Children's museums. The Virginia Living Museum in Newport News is one of the best places to take your kids for a much-needed run-around. The wide open spaces, live animal exhibits and aquariums are the perfect solution to cold and rainy day. Admission can be pricey at $15 for adults if you plan to visit often, but the $60 yearly membership (which offers unlimited access) makes it a cost-effective deal. The Virginia Air & Space Center in Hampton offers similar amenities, with plenty of climb and crawl spaces for young kids and exhibits designed to entertain the tweens. In Portsmouth, Andalo's Clubhouse serves as the temporary play area for kids while the Children's Museum of Virginia undergoes a 12,000-square-foot renovation. It's designed to let kids touch, climb and crawl, so don't worry about letting them explore freely. For more information visit:, and

Join a playgroup. Don't want to pay to play? Playgroups are the perfect place for interaction for both you and your child. There's a fairly comprehensive listing of local playgroups at The Hampton Healthy Families Partnership also hosts a weekly playgroup designed for kids 6 months to 4 years old. Call 727-1300 for more information.

MacArthur Mall food court. Though it's in Norfolk, the play area at MacArthur Mall is an excellent option for letting your kids run and shout while you sit back and watch. The play equipment has soft surfaces so even if your little one takes a tumble, there's no danger of serious injury. Be warned though: On rainy days, this play area is packed full of restless kids. If you need a quiet-time break, the Barnes & Noble inside of the mall has a great children's reading area, with tables and chairs just for the kids. Bring $2 cash for parking.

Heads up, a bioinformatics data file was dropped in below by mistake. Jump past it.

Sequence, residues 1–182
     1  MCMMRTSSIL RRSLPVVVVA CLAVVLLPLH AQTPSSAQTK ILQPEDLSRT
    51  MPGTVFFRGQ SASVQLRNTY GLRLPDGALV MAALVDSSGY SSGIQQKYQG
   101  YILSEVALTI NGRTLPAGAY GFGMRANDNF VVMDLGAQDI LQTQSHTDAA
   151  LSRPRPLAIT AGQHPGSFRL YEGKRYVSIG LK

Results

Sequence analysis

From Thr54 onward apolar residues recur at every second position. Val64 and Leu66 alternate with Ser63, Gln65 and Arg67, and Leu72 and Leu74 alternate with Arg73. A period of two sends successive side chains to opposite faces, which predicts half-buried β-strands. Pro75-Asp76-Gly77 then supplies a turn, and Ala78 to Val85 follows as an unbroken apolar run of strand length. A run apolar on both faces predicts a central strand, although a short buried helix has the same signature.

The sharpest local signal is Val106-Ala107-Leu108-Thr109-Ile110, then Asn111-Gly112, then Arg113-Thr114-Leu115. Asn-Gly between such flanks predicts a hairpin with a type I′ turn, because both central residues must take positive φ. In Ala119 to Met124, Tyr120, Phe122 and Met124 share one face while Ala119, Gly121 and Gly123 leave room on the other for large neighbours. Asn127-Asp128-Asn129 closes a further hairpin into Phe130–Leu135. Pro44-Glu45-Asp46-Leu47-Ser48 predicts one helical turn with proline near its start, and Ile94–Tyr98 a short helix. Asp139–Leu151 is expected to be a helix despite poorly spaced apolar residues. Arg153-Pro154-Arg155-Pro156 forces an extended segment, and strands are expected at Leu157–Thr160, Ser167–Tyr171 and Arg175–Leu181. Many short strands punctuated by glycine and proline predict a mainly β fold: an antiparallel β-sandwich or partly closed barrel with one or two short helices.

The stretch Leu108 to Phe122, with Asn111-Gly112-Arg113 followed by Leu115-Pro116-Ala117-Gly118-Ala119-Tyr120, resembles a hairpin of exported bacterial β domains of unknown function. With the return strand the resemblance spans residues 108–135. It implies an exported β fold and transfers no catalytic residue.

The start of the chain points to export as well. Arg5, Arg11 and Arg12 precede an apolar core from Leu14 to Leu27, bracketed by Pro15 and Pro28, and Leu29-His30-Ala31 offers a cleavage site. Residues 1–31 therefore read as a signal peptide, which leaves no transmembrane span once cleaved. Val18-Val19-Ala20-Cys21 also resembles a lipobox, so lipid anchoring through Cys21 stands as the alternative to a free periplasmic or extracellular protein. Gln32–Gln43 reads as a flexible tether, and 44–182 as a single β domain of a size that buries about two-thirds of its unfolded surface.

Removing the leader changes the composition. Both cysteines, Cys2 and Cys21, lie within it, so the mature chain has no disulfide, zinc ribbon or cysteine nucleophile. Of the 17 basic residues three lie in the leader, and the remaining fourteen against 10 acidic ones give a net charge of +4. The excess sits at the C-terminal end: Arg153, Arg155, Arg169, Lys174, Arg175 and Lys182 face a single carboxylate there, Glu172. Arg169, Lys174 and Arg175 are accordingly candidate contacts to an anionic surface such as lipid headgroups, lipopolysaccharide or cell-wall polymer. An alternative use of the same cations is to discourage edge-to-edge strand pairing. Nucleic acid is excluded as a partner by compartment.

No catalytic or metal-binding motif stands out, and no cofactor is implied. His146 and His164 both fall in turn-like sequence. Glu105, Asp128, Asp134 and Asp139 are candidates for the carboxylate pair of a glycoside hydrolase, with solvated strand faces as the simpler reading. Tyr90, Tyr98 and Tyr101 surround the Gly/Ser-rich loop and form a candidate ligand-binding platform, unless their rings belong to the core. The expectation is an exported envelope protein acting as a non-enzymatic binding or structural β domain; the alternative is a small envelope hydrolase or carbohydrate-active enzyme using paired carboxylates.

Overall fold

Chuck E. Cheese. Pizza and soda aren't too compatible with a kids' healthy outing, but Nicole Dell, a toddler teacher at the Downtown Hampton Child Development Center says she skips the food when she takes her kids to the indoor playground.

"Chuck E. Cheese is a great place to take kids, since it's free to enter and you don't really have to buy food," she says. "The overhead climber is free and so are a lot of things in the toddler area." On the Peninsula there is a Chuck E. Cheese location at 5 Towne Centre Way in Hampton. 827-9150.

Helping you to be healthier Every January our focus turns to improving our health and fitness in the new year so the Daily Press will be giving you tools to help you succeed in this endeavor. Every day this week, you will find a health or fitness story to help guide you: Today: We tell you about some great indoor play areas so you can encourage your children to stay active during the cold winter months. Monday: We talk with a dietition and give you tips for improving your nutrition. Tuesday: We tell you how to shop for a gym membership. Wednesday: We talk with a local retirement community chef about changing diet and eating habits as we age. Thursday: We will detail five ways to get fit at home. Saturday: We tell you about saunas and spas and their role in our well-being. LIVE CHAT. Also, as part of our Get Fit Week, dietitian Hiliary Williams and personal trainer Brian Cole will be chatting live with readers from noon to 1 p.m. on Wednesday. Go to to get your diet and exercise questions answered by the experts. ONLINE. And all month, go to and click on Health Key headlines for loads of tools and information for making the new year a healthier one for you and your family.